Today, the House failed to pass a bill that would have repealed and replaced the worst parts of Obamacare.
I am incredibly disappointed that we did not pass this bill. It had its flaws, but it would have been a key first step toward reducing the cost of health insurance, giving patients more say over their health care, and improving Medicaid. It would have also eliminated taxes that are driving up the cost of health care for everyone. It was, without a doubt, better than what we have now under Obamacare.
I stand ready to vote for other proposals that can improve health care in this country. But those who refused to support the bill today share some of the responsibility for what is to come in the weeks, months, and years ahead under Obamacare.
The Congressional Budget Office estimated that the bill would have lowered premiums by 10 percent, reduced the federal deficit by $150 billion, and lowered taxes by nearly $1 trillion. The American Health Care Act would have also:
• Dismantled the Obamacare taxes that have hurt job creators, increased premium and health care costs, and limited options for patients and health care providers, which includes taxes on prescription drugs, over-the-counter medications, health-insurance premiums, and medical devices;
• Eliminated the individual and employer mandate penalties;
• Prohibited health insurers from denying coverage or charging more money to patients based on pre-existing conditions;
• Empowered individuals and families to spend their health care dollars the way they want and need by enhancing and expanding Health Savings Accounts – nearly doubling the amount of money people can contribute and broadening how people can use it;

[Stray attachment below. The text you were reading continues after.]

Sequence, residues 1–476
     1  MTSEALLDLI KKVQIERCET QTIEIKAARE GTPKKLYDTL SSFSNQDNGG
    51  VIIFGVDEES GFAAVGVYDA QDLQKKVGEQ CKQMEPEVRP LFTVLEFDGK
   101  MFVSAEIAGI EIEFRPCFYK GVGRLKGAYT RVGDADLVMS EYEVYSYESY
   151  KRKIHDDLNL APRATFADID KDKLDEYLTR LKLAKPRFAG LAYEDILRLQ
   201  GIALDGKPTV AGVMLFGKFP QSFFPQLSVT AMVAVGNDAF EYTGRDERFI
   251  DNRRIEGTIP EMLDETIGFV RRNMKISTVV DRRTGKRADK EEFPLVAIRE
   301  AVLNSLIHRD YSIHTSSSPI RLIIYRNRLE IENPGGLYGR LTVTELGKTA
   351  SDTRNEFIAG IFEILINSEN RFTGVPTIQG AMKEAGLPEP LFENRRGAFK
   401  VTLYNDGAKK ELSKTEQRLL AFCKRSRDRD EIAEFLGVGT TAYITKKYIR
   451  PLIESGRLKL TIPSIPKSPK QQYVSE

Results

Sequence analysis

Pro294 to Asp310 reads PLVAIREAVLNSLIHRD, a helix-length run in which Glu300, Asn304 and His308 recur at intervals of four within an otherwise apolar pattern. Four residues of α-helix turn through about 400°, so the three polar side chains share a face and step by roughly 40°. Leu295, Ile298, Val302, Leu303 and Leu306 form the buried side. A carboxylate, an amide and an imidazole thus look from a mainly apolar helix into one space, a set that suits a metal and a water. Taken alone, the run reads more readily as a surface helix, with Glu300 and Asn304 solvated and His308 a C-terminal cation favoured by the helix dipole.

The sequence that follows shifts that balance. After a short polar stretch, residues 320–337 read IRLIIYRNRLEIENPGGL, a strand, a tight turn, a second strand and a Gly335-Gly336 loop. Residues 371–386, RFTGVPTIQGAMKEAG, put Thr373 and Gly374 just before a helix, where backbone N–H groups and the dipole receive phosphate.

• Helped young adults access health insurance and stabilize the marketplace by allowing dependents to continue staying on their parents’ plan until they are 26;
• Established a Patient and State Stability Fund, which provides states with $115 billion to design programs that meet the unique needs of their patient populations and help low-income Americans afford health care;
• Modernized and strengthened Medicaid by transitioning to a “per capita allotment” so states can better serve the patients most in need; and
• Helped Americans access affordable, quality health care by providing a monthly tax credit to low and middle-income individuals and families who do not receive insurance through work or a government program.
If you have questions about this issue or others please contact me by phone, letter, e-mail, on Facebook, or on Twitter.
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